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Plimoth Plantation and Wampanoag Village 

American history has traditionally begun, not with the Pueblo Indians and Spanish in the southeastern United States, but with the Pilgrims and Puritans of New England, especially the area around Massachusetts Bay. As environmental historians, our questions, however, pertain to the uses of the environment and the ways in which Pilgrims and Puritans perceived the New World as wilderness. Why did Europeans come to the east coast and try to settle the land, rather than merely exploring the land or trading with native people? Why, in particular, did the English come to New England? Use the linked quotations to assist you in your interpretation. Use the linked quotations to assist you in your interpretation. 
  • Compare and contrast the panoramas of historic Plimoth Plantation (1620-1627) with the panorama of the Wampanoag Village of the same period.
  • List the similarities and differences between the two communities: uses of the environment (forest, fields, and biota), farming methods (domesticated animals and plants; planting and harvesting techniques), spatial layout (enclosed, open; geometry), and community organization.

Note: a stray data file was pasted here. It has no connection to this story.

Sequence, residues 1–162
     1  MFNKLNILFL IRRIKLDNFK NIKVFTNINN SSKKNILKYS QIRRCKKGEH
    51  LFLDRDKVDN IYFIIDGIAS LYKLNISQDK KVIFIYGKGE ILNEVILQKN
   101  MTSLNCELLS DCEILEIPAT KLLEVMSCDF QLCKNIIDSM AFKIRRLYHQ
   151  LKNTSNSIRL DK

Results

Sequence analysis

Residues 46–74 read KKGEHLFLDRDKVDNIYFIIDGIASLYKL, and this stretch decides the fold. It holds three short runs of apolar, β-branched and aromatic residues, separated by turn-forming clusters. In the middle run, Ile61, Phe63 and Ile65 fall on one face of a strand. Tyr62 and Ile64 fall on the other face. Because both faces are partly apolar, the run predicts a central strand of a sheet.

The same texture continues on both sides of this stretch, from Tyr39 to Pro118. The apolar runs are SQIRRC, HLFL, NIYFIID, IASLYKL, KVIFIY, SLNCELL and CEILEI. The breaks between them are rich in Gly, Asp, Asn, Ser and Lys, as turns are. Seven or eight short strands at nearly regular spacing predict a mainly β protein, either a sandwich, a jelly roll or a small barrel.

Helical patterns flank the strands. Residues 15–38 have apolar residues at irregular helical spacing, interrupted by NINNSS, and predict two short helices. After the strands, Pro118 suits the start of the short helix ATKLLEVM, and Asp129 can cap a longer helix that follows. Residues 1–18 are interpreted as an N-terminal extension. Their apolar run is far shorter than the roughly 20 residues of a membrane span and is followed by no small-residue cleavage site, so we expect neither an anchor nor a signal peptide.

• How do you account for the ultimate success of the Plimoth colony? What indicators are there of the ultimate fate of the Wampanoag village?
Plimoth Plantation panorama
Plimoth Plantation - Village Panorama
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Wampanoag Village panorama
Plimoth Plantation - Garden Panorama
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Wampanoag Village
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Credits: Photographs by Carolyn Merchant; panorama assembly and web page by Rob Weinberg.
Panoramas updated by Ravi Shivanna using PanoramaStudio 3 (July 2018)